We are entering the Narowness – a period of massive media fragmentation.
Print, digital, TV, even Radio… will grow Narrower in focus to appeal to niches. Big Niches, but niches just the same. This article in The New Yorker bought it home for me. The Narrowness is this:
“People went from broad to narrow.. and we think they will continue to go that way … spend more and more time in the niches… because now the distribution landscape allows for more narrowness.”
But the Narrowness is also about conflict – about cultures of abundance and cultures of exclusivity. If you were any doubt about the difference between Hollywood and Silicon Valley, just move countries as we did. An Apple TV and broadband is the same in Australia as it is in the US (ok, slower down here but you get the idea).
One culture seeks to enable the Narrowness and to enable the bits to flow. Another seeks to restrict and contain. The same story hammers this home elegantly:
…The crucial difference is that one culture is founded on abundance and the other on scarcity. He added, “Silicon Valley builds its bridges on abundance. Abundant bits of information floating out there, writing great programs to process it, then giving people a lot of useful tools to use it. Entertainment works by withholding content with the purpose of increasing its value. And, when you think about it, those two are just vastly different approaches, but they can be bridged.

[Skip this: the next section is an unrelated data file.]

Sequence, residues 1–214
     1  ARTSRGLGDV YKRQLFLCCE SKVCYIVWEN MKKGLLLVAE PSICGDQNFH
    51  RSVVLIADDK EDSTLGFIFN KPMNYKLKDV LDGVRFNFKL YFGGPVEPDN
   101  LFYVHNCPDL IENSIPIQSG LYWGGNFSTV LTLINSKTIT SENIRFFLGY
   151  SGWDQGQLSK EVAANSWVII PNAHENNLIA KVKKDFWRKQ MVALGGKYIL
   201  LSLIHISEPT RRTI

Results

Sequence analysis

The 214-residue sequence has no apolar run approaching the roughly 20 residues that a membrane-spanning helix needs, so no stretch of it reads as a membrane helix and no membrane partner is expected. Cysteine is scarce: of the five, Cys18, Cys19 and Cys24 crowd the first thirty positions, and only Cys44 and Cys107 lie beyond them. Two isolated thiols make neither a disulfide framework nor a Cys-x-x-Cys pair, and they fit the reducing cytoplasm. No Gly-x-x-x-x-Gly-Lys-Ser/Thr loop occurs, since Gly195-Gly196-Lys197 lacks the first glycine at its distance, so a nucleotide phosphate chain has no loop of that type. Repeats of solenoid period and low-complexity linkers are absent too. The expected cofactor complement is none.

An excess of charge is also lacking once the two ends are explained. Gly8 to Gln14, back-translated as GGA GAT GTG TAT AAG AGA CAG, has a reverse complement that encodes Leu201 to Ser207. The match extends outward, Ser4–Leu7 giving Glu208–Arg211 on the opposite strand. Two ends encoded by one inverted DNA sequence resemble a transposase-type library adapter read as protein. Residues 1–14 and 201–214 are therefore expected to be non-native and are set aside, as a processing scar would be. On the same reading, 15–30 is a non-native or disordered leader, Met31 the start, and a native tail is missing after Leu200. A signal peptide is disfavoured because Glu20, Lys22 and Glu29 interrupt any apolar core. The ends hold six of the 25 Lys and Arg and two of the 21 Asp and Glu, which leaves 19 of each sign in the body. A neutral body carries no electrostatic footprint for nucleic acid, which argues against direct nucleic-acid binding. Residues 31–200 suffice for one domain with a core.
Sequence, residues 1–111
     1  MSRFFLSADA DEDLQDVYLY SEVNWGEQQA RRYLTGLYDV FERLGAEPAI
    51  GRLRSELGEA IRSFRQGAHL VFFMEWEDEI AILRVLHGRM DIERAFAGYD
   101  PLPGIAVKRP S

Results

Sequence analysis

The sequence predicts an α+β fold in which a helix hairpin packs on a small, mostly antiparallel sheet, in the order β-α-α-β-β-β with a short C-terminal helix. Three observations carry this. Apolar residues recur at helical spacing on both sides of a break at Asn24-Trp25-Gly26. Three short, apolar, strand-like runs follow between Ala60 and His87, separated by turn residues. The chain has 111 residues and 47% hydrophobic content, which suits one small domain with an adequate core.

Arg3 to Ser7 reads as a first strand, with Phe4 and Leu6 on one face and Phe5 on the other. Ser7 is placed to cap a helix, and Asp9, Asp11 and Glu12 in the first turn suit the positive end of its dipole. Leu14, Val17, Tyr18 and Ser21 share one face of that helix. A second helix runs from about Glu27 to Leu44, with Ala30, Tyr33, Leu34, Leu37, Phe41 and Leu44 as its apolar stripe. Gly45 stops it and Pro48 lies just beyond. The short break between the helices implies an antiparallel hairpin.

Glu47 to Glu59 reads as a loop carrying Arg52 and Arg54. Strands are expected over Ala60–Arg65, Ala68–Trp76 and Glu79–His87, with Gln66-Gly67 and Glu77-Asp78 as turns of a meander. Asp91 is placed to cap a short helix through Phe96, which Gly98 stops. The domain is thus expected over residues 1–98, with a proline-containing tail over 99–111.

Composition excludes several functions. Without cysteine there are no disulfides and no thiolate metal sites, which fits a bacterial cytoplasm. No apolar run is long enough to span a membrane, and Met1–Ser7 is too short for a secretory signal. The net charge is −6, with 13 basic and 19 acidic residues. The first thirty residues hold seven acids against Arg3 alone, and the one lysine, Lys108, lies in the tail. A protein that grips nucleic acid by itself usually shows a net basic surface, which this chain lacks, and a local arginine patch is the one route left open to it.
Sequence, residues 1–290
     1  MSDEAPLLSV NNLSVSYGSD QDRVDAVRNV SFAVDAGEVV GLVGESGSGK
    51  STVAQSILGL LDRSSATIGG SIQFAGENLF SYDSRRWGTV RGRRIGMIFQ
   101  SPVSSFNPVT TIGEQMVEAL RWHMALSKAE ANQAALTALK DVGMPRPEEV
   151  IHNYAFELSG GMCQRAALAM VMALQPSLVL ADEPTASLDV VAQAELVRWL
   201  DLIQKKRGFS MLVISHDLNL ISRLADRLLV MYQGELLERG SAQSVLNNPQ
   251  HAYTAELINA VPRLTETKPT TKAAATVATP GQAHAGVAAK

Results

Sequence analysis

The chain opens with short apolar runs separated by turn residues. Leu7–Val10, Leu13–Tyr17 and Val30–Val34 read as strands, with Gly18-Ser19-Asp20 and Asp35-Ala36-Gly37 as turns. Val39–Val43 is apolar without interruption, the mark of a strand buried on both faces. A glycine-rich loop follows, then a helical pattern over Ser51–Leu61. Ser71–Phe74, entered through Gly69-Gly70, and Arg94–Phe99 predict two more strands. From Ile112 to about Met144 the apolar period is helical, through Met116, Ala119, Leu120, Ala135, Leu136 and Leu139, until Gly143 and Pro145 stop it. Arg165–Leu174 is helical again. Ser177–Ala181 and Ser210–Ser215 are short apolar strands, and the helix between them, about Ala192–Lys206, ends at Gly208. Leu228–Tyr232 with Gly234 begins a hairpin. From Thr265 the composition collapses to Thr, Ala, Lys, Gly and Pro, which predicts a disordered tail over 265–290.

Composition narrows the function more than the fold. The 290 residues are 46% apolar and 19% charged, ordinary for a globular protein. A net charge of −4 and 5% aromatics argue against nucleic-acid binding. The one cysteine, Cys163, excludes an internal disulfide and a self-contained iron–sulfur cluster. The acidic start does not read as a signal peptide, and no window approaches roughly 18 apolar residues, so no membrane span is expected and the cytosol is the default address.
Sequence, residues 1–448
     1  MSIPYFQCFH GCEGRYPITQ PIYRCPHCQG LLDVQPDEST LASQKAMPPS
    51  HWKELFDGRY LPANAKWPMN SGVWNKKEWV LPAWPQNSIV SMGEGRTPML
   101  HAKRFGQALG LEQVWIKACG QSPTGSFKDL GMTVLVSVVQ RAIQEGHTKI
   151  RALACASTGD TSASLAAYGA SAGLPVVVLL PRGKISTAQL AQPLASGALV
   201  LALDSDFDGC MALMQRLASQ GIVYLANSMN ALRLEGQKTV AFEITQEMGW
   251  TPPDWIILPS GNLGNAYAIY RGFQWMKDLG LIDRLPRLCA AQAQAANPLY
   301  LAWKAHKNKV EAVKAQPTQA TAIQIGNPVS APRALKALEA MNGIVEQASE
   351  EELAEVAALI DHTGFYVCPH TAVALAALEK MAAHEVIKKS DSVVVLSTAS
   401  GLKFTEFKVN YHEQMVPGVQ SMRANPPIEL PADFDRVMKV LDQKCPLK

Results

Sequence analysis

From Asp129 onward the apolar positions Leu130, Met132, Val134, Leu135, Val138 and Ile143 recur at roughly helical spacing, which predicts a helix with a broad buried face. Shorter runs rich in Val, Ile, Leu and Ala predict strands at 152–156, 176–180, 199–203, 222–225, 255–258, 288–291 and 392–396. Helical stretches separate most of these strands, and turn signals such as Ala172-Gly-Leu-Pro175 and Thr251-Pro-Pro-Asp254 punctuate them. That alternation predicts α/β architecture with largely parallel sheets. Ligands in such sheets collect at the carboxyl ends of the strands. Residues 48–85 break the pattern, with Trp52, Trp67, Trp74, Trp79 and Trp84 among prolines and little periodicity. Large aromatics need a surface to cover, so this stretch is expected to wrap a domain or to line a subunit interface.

The Narrowness has profound implications for marketers as we will be able to target and plan with precision. Once a Utopic view of planning will become real.
On YouTube, the niches will get nichier, and the audiences smaller still. But those audiences will be even more engaged, and much more quantifiable. Advertisers have to rely on ratings and market research to get even a rough approximation of who’s watching which show. Because YouTube is delivered over the Internet, the company will know exactly who is watching—not their names but their viewing histories, their searches, their purchases, their rough location, and their online social connections. As Shishir Mehrotra, YouTube’s head product manager, explained to me, “Advertising will be done at the level of the audience rather than at the level of the show. Content is no longer proxy for an audience—we know who the audience is. We know what your preferences are, the types of shows you like to watch.” If you posted a video of your trip to Hawaii on YouTube, chances are YouTube is going to advertise airfare to Honolulu to you. Advertising can therefore be highly focussed, not the blunt instrument it is now.